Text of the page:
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Universal Support - Level 1

Universal services are provided to or are routinely available to all children and families. These services are accessed in the local community and delivered by partners including schools, GPs, hospitals, community health services, children’s centres, youth hubs, police, fire service and voluntary and community groups.

Below are examples of the indicators that suggest a child would be in level 1.

Children and Young People

  • Physically healthy with development checks up to date
  • Has an adequate and nutritious diet, regular dental and optical checks
  • Attendance at school/college/training above 90%
  • No concerns about home/school link
  • Able to discriminate between ‘safe’ and ‘unsafe’
  • Has a good understanding of right and wrong
  • No concerns about child’s mental health
  • No barriers to learning and no concerns about child’s cognitive development
  • No concerns about child’s behaviours
  • Child has a positive sense of self with no concerns about forming relationships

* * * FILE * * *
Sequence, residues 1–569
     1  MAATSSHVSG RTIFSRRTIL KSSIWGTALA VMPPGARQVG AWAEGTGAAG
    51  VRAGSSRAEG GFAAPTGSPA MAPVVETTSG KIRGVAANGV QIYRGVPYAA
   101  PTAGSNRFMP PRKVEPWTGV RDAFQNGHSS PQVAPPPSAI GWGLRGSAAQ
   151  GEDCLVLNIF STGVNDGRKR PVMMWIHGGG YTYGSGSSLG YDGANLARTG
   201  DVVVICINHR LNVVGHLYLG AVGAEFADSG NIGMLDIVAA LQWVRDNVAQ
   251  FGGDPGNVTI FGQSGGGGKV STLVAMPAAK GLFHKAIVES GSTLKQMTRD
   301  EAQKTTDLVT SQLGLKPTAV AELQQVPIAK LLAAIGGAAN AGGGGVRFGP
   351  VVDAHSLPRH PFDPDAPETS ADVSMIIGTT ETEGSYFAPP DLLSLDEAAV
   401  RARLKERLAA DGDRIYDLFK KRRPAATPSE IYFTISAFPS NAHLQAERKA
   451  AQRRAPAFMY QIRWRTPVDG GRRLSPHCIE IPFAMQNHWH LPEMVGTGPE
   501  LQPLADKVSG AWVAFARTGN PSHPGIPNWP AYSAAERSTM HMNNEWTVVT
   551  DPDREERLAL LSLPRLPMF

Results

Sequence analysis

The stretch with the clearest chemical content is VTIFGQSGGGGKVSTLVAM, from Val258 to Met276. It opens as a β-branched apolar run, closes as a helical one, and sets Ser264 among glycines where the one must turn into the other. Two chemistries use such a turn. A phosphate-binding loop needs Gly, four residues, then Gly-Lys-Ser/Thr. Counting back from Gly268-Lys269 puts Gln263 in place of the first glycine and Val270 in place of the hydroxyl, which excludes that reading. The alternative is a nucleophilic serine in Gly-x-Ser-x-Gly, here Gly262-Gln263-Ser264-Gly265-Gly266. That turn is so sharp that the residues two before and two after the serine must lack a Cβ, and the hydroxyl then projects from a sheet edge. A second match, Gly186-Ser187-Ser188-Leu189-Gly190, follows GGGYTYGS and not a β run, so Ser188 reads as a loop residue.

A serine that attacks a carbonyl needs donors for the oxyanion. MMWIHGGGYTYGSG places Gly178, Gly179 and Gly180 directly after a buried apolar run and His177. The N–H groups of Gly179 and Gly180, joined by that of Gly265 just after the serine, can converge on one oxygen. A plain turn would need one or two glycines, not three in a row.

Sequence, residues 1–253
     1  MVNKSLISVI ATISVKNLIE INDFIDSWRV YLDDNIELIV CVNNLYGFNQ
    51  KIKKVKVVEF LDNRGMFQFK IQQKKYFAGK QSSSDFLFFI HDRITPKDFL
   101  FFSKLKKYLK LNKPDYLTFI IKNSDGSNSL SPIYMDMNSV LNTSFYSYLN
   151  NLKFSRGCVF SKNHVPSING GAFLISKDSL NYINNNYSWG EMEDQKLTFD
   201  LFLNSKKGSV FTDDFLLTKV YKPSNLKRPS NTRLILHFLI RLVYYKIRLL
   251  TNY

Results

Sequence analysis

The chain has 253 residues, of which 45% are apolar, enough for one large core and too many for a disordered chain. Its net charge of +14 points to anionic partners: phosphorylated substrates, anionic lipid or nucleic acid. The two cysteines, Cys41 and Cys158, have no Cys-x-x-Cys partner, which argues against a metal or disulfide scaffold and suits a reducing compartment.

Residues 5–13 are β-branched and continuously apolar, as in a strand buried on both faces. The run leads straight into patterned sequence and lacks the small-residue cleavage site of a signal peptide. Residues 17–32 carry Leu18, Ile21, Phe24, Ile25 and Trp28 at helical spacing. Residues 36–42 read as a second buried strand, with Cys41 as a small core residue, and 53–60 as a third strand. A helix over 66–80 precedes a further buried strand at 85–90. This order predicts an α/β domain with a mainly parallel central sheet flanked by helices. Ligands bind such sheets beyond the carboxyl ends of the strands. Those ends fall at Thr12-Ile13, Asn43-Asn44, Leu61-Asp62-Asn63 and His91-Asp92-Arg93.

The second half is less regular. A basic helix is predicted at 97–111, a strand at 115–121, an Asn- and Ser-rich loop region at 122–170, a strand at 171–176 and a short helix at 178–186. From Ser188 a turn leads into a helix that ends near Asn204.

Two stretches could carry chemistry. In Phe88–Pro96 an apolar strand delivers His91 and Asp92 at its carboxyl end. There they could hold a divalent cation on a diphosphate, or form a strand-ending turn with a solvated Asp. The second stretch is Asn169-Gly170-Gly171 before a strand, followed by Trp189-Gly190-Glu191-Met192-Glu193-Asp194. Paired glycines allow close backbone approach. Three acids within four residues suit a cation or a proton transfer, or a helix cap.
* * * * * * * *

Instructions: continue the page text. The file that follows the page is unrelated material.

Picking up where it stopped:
• No concerns about attitude to drugs or alcohol
  • No concerns about child’s use of technology

Family and Environment

  • Stable and affectionate relationships with care givers
  • Living in adequate housing in a safe and secure environment
  • Good relationships between siblings
  • Positive relationships with peers
  • Positive sense of self and own skills or abilities
  • Child or young person has age appropriate responses in emotions and functions
  • Child has developed good early attachments
  • Child or young person is able to understand right from wrong and act appropriately
  • Child has access to positive activities

Support and Next Steps

To support for a child or family at level 1:

  • Discuss any concerns with the family and agree what action is needed. This may be that your service is able to provide some extra support or it may be that you can signpost the family to another agency.
  • If the family are requesting support, discuss support required, and if you can access these resources:
    • If you can't access these resources, find out where they can be accessed locally
    • Get the family's agreement to engage with support services.
  • Use all your inhouse resources before considering involving another agency.
  • Check online for other services you can contact locally for support.
  • Next steps will depend on the support required. Firstly speak to the family about which professionals or services are already involved with the children and family. Consider GP or health visitor, nursery, school or other education, church, local charity or voluntary or community group.

If you think the child needs additional support read about level 2 - additional support.